Boiling point for sexual harrassment
enty-five years ago on Nov. 3, 1992, William Jefferson Clinton was elected president of the United States — and Hillary Clinton is still trying to take his place.
As historians and pundits recall his third-way presidency, another slice of his legacy can’t be ignored — the trickle-down effect of his womanizing, his DNA-proved extramarital involvement with Monica Lewinsky in the nation’s most important workplace and the couple’s treatment of women overall, from “bimbo eruptions” to Paula Jones to Juanita Broaddrick.
The behavior of adults at the top of the food chain seeps into the culture and can’t be extracted from events of the future. Today’s eruptions of sexual harassment claims can be explained as a volcanic reaction to simmering rage among women, who, as a group have been sexualized, victimized and silenced for too long. We have reached not so much a tipping point as a boiling point.
What goes up comes down, all right. But what goes underground — forced to steep in darkness and silence — comes back up with a vengeance.
A quarter-century is a long time to stew, and that’s about the span between Anita Hill’s testimony in 1991 against then-Supreme Court nominee Clarence Thomas for sexual comments he allegedly made at work — the first widely publicized case — and the recent deluge prompted by former Fox News anchor Gretchen Carlson’s takedown of network founder Roger Ailes.
This in-between period also corresponded more or less to the lifespan of the Clinton political machine, once-essential to a Democrat’s successful run for office, now knocking and hissing as Hillary winds up her revenge book tour. It is also, roughly, the span of a human generation. The last of the baby boomers, who squired sexual amorality to the White House and secular relativism to most other institutions, are moving toward retirement and taking their boys-will-be-boys attitude with them.
Bill Clinton wasn’t the first president to misbehave in the White House, as we are frequently reminded. But he was part of the first “two-fer” presidency, as he put it, with a first lady who championed women’s rights. Presumably, these rights would have included not being objectified or treated as human litter. And Clinton was the first, as far as we know, to have a sexual relationship with an intern.
It doesn’t matter if Lewinsky, then 21, pursued the president and “knew” what she was doing. Obviously, given the long-term effects of this episode on her life, she didn’t. In any case, it was Clinton’s job as her superior not to abuse his power by taking advantage of her.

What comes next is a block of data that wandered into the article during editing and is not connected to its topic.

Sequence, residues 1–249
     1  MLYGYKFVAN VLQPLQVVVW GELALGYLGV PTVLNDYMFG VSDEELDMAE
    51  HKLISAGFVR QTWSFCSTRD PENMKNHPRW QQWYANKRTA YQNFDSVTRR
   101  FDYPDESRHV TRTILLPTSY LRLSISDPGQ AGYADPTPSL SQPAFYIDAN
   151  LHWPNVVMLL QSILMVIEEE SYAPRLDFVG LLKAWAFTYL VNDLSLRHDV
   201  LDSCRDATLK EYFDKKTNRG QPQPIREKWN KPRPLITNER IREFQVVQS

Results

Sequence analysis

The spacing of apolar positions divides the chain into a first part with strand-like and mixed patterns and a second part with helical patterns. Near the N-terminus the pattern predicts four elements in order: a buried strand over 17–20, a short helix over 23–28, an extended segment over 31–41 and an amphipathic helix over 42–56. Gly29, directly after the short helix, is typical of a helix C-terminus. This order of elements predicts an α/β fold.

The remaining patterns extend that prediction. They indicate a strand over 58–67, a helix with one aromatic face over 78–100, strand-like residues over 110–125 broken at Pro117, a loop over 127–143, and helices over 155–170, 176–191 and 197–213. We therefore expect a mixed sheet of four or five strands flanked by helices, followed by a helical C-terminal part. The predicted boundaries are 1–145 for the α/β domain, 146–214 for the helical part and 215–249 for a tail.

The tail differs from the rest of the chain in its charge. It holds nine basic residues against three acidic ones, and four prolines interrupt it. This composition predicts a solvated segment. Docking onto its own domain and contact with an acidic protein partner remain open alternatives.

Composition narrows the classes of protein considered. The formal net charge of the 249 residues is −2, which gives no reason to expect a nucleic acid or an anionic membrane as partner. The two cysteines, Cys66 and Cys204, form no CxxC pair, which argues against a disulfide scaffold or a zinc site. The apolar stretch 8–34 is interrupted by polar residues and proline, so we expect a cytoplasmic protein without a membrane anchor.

He knew the rules. He didn’t care. Or he couldn’t control himself. Which is worse is hard to say. Meanwhile, Hillary’s dogged pursuit of women claiming to have been targets of her husband’s unleashed libido and her ultimate metamorphosis into Tammy Wynette cumulatively displayed a contempt for women rather than for her husband.
It is little wonder, then, that other men of the era didn’t feel compelled to curtail their proclivities, or that women felt their power to fight back minimized by the first lady.
Fast-forward to the present and each day seems to produce the name of another man accused of sexual harassment. Though they are being lumped together in round-up stories, it would be unfair to put them all in the same cell. There’s a world of difference between what movie mogul Harvey Weinstein is alleged to have done and, say, what another recently named Mother Jones writer is alleged to have done. Apparently, among other offenses of minor note, he gave gratuitous shoulder rubs.
With all due sympathy to victims of abusive behavior, I confess to a certain reticence as #MeToo momentum continues to grow. This isn’t because I know a few of the alleged harassers, who are disgusting if the accusations are true, but because we are becoming too comfortable with condemnation without due process. Life is unfair — and women inarguably have been on the receiving end of unfairness for long enough. But life shouldn’t be a zero-sum game and men, even those one dislikes, deserve a fair hearing before their life and livelihood are taken away.
Karma will take care of the rest.
Had the Clintons played their cards differently, our country might have become less coarse, and our infantile impulsiveness less pronounced. It might not have taken 25 years for women to find their voices. More men might have treated their female colleagues with greater respect. Who knows? Hillary Clinton might have become president. And Donald Trump, whose disrespect toward women is epic, might not have.
Karma, baby: It’s Bubba’s fault.
Kathleen Parker’s email address is firstname.lastname@example.org.